Reach, the parent company of news brands including The Daily Mirror and Daily Express, enjoyed record-breaking digital earnings in 2020, partially buoyed by an unexpected client – the UK government – which put out the industry‘s largest-ever brief to distribute public safety messages. Reach Solutions‘ Emma Callaghan talks to us about how her team collaborated with brands during a turbulent year.
Emma Callaghan, the sales and invention director at Reach Solutions, attributes the growth of the business to its “sheer Dunkirk spirit”. The ‘invention’ team she leads sits within sales and she explains that a weave of planners, creatives, content creators, journalists, designers and delivery experts all had to up their game when ad spend was first hit in April last year. Like many in-house creative teams, she claims its access to audience and audience insights give it an edge.
The work varies. There are advertorials, a bit of “news-jacking“ – injecting brands into relevant conversations – and there are digital executions, such as a sponsored homeschooling chat over Facebook Live. Demand for these more digital-centric activities has “grown exponentially”.
But by far its biggest project of the year was for the UK government‘s Covid-19 response.
Nielsen estimates that the government was the biggest ad spender in 2020, and that its spend increased by around 50%. Newsworks, the news industry body, managed to unite rival media titles to collaborate on a huge public information campaign across 600 national and local campaigns. In that first one-week turnaround, the cover-wraps were almost universal on the newsstands. Stay at Home was the message. The alliance was dubbed Team Nation.
Callaghan says it was “a genuine first in terms of collaboration and a true alliance of rival publishers“. Overseen by Manning Gottlieb OMD‘s OmniGov, the alliance has held for nine months and around 50 briefs – but it wasn’t easy.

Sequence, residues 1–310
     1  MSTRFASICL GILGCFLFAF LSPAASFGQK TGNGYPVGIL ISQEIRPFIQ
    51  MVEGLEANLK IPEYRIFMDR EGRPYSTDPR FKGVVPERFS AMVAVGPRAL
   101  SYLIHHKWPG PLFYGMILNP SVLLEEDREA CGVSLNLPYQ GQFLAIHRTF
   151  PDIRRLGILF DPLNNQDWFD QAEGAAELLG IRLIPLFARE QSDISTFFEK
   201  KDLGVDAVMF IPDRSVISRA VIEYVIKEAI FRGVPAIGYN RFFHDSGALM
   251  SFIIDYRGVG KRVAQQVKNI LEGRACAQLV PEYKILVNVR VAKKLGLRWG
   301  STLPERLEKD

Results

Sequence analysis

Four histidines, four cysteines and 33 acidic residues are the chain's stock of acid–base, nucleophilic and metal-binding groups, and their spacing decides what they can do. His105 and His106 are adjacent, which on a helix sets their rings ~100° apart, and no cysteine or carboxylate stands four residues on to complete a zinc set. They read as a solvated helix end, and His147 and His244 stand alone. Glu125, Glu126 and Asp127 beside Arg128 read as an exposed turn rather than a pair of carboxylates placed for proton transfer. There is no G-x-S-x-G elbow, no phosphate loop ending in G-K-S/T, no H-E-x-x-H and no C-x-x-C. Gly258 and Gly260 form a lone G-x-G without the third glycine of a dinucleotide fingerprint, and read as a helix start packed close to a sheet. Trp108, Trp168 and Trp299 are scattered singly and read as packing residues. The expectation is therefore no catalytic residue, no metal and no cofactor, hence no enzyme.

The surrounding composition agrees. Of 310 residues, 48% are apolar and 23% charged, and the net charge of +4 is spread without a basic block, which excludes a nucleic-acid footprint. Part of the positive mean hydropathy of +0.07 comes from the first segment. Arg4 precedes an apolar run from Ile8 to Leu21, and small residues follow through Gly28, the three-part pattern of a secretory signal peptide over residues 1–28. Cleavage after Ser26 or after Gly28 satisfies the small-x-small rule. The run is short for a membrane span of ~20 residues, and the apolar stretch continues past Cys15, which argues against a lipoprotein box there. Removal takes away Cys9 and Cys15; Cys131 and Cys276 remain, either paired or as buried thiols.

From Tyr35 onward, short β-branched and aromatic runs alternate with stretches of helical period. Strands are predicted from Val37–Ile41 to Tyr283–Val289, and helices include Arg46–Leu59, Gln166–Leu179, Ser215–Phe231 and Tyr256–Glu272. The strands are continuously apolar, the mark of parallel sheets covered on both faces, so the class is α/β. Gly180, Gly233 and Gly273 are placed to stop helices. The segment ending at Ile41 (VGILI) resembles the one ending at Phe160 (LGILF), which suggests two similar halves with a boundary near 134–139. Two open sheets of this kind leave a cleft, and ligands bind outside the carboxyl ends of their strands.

“The biggest challenge was getting a new team together made up of individuals from across all the newsgroups, working in unison for the first time,” she says. ”That and the speed at which we‘ve created and delivered campaigns, you can imagine how often things change!”
Public health decisions were being made fast. They were sometimes leaked and in public hands before agency hands, usually on a Friday. Callaghan shows no indication of those assumed late-night flipflops denting her enthusiasm. “I can‘t stress how rewarding it has been to be part of this.”
The industry might never see such a huge combined brief ever again. In part, we don‘t want it to. As Callaghan says: “The enormity of the campaign relates to the enormity of the situation, and we certainly don‘t want to be faced with another pandemic or crisis... but what we‘ve learned along the way is what‘s possible when we come together as an industry and just how agile we are.”
But she hopes brands now buy into the Team Nation narrative.